Methodologies: Outlining the Process Framework

Methodologies: Outlining the Process Framework

DOI: 10.4018/978-1-5225-5589-6.ch002


In this chapter, the authors discuss software development methodologies. These are adaptive process frameworks adjustable to software product size and scope. They usually include a set of methods, principles, techniques, and software development tools. Every methodology can implement any of the lifecycle models. The authors discuss the difference between formal and agile methodologies. The formal methodologies include more artifacts. For each activity, every role assigned to it produces a deliverable. Agile methodologies are applicable in uncertain conditions. These agile methodologies rely on self-disciplined and self-manageable teams. They are more constrained by human-related factors. As in lifecycle models, there is no “silver bullet” in software development methodologies. Due to rigorous processes and more artifacts, formal methodologies are suitable for large-scale product development. Agile methodologies require special techniques and a high level of discipline. Otherwise, they likely result in a low-quality software.
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What Is A Methodology

The previous chapter described the lifecycle models of software systems and the main stages of their development. It started with a conceptual idea and went through requirements, specification, design, implementation, and maintenance/support to retirement. The authors discussed how these steps are performed in certain lifecycle models. Some of the models, such as object-oriented, include all of the lifecycle steps. The others, such as build-and fix, do not. There are certain models with linear sequence of phases, such as waterfall. The others, such as object-oriented or spiral, support cyclic or iterative lifecycles. Some models, such as object-oriented, allow parallel or concurrent execution of some lifecycle stages, e.g. analysis and design. There are dependent lifecycle models such as rapid prototyping. It is often reasonable to combine rapid prototyping with other lifecycle models, such as spiral or waterfall. Such combinations save implementation time and costs. They also help to avoid severe design errors. They facilitate functionality demonstration of the product in its early stages: analysis, preliminary design and requirements specification. Moreover, rapid prototyping helps to establish and maintain better interaction with the customer. It makes it easier to determine the optimal direction of product development and to verify that both sides understand the product features similarly. For the above reasons, rapid prototyping is especially valuable as an agile solution for software development (Robertson, 2013).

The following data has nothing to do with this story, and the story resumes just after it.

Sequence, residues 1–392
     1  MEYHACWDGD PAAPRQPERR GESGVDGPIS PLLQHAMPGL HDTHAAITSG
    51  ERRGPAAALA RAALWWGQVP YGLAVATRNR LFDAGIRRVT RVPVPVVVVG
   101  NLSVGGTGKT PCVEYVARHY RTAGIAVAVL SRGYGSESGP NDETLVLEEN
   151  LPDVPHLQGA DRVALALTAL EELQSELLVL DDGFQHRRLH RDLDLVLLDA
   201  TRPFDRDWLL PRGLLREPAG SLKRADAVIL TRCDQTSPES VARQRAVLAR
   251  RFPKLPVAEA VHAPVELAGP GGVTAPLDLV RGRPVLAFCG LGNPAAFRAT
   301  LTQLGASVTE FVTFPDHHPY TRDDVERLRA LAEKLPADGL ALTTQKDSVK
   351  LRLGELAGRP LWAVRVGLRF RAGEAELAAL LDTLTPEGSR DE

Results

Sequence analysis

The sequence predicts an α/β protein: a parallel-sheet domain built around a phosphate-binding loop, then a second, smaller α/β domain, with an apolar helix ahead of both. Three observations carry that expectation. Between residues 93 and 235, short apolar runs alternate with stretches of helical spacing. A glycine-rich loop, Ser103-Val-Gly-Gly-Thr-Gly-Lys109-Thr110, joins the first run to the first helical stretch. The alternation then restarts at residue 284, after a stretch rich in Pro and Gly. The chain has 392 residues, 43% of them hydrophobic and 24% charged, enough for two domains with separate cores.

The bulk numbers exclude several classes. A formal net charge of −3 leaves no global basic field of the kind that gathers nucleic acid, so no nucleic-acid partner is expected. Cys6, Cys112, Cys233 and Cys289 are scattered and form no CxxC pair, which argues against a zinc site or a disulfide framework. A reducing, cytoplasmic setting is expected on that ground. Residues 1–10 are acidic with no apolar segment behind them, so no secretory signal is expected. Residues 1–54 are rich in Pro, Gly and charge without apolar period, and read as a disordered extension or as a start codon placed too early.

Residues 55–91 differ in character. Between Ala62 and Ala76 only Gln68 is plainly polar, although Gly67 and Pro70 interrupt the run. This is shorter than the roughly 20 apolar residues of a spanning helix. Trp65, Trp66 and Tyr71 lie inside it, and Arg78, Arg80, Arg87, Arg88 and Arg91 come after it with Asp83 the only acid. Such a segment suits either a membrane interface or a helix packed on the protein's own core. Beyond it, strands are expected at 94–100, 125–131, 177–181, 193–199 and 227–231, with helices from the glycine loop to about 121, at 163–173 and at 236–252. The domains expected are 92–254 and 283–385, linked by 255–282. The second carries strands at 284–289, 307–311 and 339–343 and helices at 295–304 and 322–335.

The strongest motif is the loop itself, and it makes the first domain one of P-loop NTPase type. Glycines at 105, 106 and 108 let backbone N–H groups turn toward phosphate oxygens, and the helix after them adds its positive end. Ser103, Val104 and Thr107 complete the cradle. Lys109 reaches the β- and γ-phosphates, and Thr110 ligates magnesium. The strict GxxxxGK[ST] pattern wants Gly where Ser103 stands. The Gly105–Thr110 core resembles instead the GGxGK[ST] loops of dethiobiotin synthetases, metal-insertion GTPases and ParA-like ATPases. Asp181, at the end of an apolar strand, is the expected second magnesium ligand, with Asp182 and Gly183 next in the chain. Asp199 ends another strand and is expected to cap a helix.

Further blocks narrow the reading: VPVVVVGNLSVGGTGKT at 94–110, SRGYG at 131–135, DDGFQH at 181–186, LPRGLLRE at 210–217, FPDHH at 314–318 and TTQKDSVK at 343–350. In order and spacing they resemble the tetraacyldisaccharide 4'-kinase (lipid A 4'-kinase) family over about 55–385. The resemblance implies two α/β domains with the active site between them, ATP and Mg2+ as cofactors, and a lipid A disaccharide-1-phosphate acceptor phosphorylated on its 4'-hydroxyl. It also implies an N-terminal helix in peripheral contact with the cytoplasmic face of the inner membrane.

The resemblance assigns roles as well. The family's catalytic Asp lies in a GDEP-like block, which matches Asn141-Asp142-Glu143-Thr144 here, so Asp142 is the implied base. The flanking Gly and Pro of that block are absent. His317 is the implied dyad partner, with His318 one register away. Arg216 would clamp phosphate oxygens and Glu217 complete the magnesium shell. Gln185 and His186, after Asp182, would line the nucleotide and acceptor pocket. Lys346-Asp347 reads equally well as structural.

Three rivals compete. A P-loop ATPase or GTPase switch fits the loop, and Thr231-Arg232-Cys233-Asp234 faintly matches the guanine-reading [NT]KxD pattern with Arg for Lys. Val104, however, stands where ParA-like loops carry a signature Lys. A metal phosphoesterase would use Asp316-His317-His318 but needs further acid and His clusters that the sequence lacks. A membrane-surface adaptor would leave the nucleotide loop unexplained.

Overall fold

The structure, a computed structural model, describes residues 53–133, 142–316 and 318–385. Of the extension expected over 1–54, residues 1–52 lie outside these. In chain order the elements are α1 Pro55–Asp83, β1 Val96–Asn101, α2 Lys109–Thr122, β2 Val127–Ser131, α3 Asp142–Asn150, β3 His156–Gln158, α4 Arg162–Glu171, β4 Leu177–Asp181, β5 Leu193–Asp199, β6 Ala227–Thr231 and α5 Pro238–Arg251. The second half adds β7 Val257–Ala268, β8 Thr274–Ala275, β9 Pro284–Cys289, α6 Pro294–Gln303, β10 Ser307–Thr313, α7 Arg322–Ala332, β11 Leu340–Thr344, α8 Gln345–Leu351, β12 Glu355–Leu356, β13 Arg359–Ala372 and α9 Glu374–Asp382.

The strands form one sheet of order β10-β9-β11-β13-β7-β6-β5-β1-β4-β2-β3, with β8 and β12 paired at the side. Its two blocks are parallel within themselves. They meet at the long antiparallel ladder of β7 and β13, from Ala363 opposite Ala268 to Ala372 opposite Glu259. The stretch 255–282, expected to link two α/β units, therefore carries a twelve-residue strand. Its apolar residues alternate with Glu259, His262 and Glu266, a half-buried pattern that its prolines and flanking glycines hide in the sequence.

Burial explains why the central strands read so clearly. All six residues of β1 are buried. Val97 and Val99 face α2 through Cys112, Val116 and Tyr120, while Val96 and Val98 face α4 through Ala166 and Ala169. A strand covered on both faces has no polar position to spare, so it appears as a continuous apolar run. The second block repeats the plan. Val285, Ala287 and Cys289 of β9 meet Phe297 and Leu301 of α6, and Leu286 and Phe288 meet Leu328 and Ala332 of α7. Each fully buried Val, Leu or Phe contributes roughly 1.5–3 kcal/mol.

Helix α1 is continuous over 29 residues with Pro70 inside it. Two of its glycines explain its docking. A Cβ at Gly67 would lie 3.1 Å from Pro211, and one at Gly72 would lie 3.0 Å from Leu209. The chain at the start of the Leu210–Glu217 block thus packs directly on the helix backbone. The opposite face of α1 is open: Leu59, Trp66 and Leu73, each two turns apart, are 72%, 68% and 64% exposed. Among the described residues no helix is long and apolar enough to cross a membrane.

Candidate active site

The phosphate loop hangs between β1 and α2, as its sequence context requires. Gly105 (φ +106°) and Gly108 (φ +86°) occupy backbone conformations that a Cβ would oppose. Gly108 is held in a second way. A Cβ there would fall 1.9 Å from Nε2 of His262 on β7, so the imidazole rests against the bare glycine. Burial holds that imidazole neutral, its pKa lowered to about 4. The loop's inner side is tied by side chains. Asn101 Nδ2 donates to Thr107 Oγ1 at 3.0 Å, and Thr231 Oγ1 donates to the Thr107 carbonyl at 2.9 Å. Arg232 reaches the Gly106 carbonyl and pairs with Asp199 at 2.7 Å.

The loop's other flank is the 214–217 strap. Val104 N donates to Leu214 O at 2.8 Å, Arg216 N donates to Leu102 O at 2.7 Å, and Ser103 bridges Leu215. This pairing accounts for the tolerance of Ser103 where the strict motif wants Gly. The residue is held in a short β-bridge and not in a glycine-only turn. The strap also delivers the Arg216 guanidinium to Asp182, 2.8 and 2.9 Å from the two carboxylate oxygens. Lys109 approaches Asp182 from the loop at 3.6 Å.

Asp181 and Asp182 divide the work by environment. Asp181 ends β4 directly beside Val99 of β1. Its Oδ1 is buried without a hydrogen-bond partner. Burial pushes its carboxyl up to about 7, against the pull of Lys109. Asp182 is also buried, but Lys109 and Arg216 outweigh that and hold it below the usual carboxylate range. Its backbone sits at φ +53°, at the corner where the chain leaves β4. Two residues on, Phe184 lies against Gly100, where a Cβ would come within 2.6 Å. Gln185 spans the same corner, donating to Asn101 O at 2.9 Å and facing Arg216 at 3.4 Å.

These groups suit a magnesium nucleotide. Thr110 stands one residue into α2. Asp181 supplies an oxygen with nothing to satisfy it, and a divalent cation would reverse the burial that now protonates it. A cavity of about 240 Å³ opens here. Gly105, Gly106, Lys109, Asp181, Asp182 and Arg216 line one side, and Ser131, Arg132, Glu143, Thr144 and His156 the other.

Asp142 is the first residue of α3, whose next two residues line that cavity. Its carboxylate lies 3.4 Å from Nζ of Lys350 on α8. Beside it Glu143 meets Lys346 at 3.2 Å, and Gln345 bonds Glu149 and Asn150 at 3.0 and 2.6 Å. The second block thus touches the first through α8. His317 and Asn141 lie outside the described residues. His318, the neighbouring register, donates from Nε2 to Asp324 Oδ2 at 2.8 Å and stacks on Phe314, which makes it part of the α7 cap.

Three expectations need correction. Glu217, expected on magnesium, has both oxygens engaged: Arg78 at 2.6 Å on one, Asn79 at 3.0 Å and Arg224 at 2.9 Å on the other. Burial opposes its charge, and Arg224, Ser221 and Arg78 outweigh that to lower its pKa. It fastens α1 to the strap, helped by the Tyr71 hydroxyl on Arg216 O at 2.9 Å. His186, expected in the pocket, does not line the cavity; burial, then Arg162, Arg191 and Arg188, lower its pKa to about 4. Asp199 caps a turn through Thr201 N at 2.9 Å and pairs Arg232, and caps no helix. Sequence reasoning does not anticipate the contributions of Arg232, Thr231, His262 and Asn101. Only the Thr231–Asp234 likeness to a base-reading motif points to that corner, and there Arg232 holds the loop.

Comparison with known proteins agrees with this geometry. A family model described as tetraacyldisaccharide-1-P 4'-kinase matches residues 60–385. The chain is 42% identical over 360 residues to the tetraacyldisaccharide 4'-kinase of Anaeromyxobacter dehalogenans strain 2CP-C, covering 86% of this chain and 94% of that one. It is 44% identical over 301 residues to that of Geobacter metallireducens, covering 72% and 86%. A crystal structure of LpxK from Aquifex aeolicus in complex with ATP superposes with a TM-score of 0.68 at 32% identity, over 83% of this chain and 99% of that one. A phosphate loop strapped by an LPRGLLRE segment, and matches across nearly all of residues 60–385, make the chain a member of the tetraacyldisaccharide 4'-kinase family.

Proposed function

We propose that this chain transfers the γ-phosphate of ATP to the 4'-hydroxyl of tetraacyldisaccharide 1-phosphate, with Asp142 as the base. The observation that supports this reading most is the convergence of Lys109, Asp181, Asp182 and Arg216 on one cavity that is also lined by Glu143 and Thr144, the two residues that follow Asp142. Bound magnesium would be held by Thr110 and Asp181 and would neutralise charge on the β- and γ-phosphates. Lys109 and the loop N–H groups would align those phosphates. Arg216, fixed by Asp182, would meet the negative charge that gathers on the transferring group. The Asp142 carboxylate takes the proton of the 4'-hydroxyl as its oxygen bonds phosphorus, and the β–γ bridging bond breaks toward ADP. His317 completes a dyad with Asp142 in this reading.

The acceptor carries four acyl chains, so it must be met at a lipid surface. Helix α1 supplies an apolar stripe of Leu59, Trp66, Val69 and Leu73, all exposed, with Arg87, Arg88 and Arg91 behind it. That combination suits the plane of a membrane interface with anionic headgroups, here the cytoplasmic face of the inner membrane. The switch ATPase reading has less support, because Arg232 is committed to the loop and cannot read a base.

Let us consider methodologies. They make a parallel dimension to the lifecycle models. These methodologies assist in software product development of mission-critical systems (Booch, Maksimchuk, Engel, Young, Conallen & Houston, 2007; Lipaev, 2006; Pressman & Maxim, 2015; Sommerville, 2011; Tanenbaum & Steen, 2007). Usually, a methodology means a set of techniques, models, methods and tools. Here, it will also include a set of best practices for software development. Within a software development methodology, one can seldom find rigorous mathematical models other than those used for economic evaluation and feasibility study of the project. A number of approaches, especially in cases of agile methodologies, e.g. Scrum or Agile, suggests a flexible set of customizable best practices, i.e. practical methods for software systems development. Therefore, it is often meaningless to consider a methodology as a theoretical research subject. In this respect, many of the authors’ findings on the lifecycle models also apply to the methodologies. This is why best practices and certain classes of development tools are included into the discussion (Layton & Ostermiller, 2017).

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